IBM is getting its cloud positioning right - at last!
IBM – as an IT provider – embraced the idea of cloud computing early on and has been a leader in this IT market segment ever since. However, IBM's cloud offerings could not clear the high hurdle of really becoming unique and non-interchangeable. It was a more or less exchangeable cloud offering although IBM had more fundamental cloud building blocks than practically any of its competitors.
This picture is changing slowly but also strongly with a long-term impact for the company. IBM is now forming a unique vision aligning all available offerings that build a basis for real differentiation.
In a recent cloud briefing with Linda Bernardi, IBM Chief Innovation Officer, Cloud & Internet of Things, a newly aligned overall cloud architecture and integrated services offerings emerged. The core building blocks now include:
- the fluid integration of legacy and cloud resources through open stack and IBM Hybrid Cloud technology;
- an enterprises-focused platform and open ecosystem for cloud data and services;
- data analytics offerings, including machine learning;
- an end-to-end architecture.
Obviously, large enterprises in particular will not base their complete IT infrastructure on public cloud offerings. However, they might deploy SaaS offerings from different vendors besides having their internal IT. Thus, there is strong need for an integration of IT service offerings coming from different sources. Here, IBM's experience and hybrid approach to cloud computing can excel. This also addresses customer requirements for a two-speed IT: stable systems in the backend and agile customer-facing systems.
Secondly, with Bluemix IBM has built a strong platform for developers to develop new SaaS apps and applications and deploy them in a cost-effective way on IBM's infrastructure. However, IBM's approach to build an ecosystem goes beyond the pure developer ecosystem. IBM is also engaging in cross-customer integration of business processes, digital transformation and disruptive offerings.
While IBM remains a solution provider for the enterprise, it wants to encourage its enterprise customers to create and manage business services that can finally address consumers. IBM wants to become the enabler for the orchestration of such ecosystems. This includes the integration of cloud platforms & services, cloud applications as well as on-premise IT from different vendors plus IBM's own assets.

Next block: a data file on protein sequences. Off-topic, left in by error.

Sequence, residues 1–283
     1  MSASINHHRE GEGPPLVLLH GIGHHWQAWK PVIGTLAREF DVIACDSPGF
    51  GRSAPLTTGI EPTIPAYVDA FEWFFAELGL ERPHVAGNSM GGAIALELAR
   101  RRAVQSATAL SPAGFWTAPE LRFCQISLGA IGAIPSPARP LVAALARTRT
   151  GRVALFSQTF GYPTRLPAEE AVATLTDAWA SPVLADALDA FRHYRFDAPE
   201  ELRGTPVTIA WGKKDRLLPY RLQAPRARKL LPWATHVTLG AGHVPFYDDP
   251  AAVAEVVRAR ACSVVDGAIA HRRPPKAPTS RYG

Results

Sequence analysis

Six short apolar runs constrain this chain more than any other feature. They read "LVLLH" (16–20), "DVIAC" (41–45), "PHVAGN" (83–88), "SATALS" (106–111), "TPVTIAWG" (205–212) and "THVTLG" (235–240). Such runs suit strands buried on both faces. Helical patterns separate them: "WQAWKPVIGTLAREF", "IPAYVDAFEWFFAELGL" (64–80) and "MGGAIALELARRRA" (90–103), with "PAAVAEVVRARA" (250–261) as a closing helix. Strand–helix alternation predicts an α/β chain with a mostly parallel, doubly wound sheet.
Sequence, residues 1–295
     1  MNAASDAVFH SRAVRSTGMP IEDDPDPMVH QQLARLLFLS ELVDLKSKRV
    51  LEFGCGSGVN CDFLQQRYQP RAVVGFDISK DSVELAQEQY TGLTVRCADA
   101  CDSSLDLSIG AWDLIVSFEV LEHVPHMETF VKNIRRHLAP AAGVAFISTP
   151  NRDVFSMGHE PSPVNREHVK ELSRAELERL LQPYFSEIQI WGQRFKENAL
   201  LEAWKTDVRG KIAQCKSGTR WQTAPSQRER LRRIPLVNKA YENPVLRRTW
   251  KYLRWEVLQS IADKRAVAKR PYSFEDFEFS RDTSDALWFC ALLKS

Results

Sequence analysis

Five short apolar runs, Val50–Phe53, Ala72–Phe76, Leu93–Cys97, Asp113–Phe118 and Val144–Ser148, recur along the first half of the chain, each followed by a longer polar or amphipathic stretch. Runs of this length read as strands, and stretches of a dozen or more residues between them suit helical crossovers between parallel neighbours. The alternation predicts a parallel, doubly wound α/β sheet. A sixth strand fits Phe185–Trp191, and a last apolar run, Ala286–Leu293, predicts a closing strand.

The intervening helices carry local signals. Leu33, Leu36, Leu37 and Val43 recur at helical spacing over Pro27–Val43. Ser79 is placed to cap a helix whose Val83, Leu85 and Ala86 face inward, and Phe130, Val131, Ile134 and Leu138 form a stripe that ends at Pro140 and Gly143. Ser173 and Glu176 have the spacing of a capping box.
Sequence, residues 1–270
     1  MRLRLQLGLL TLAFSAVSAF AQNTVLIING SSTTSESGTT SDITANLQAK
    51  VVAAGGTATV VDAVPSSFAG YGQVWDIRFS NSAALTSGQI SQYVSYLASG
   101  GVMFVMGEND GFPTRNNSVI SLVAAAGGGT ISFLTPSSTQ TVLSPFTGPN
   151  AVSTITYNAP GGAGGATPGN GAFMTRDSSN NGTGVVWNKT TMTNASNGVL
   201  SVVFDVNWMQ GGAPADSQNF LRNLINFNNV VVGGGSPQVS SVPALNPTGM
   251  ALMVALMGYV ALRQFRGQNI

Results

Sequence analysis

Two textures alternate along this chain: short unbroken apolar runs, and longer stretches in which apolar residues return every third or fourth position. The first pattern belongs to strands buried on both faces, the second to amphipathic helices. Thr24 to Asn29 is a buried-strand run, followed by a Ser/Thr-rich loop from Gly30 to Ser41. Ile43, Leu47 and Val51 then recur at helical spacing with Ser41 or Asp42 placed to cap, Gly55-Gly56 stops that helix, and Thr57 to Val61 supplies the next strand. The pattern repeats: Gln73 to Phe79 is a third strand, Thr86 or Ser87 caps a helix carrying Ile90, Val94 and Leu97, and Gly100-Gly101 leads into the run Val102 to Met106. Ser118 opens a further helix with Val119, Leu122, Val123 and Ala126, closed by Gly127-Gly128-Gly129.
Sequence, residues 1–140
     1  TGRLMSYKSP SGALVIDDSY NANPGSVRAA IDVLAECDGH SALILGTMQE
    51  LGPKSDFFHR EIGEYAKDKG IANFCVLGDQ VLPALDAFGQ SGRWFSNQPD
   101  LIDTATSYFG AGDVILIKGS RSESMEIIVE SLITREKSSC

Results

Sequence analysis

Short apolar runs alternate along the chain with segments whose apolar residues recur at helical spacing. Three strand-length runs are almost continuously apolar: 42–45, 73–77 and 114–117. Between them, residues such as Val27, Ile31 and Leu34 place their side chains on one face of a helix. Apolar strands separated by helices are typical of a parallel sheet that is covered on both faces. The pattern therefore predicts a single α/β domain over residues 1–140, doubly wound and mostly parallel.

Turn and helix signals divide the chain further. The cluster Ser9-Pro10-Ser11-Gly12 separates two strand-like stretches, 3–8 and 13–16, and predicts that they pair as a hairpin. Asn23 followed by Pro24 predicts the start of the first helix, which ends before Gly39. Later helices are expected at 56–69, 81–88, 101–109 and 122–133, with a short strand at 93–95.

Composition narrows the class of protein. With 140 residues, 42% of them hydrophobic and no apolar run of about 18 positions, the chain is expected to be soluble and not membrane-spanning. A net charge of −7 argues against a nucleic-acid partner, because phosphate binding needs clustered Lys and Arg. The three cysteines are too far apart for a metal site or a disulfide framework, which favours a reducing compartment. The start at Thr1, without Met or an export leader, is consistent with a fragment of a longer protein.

With a focus on data analytics, IBM made it clear that it sticks to its core strength: storing, managing and analyzing large amounts of data. Part of this is the emergence of Watson analytics, advanced machine learning and the SyNAPSE project, where it may even develop more advanced analytics technologies. It is very likely that IBM will leave its competitors behind with its engagement in brain-like artificial and semiconductor-instrumented synapse-based computing.
Finally, part of IBM's strength is that enterprises need a redefined architecture to address the requirements for systems-of-record data differently than the requirements for systems-of-engagement data. On the one hand, IBM can put its SoftLayer offering for well-managed and cost-effective basic computing resources on the table; and on the other hand, IBM brings in an integrated mix of partner SaaS offerings (based on Bluemix) as well as highly sophisticated data analytics offerings in a hybrid cloud world.
Bottom line: Clearly, cloud computing has a disruptive potential for IT technology and IT departments. It took some time to adjust the broad IBM technology and services spectrum to this new IT world. However, focusing on IBM's core strength, this aligned cloud strategy will enable enterprises to benefit from the total customer focus.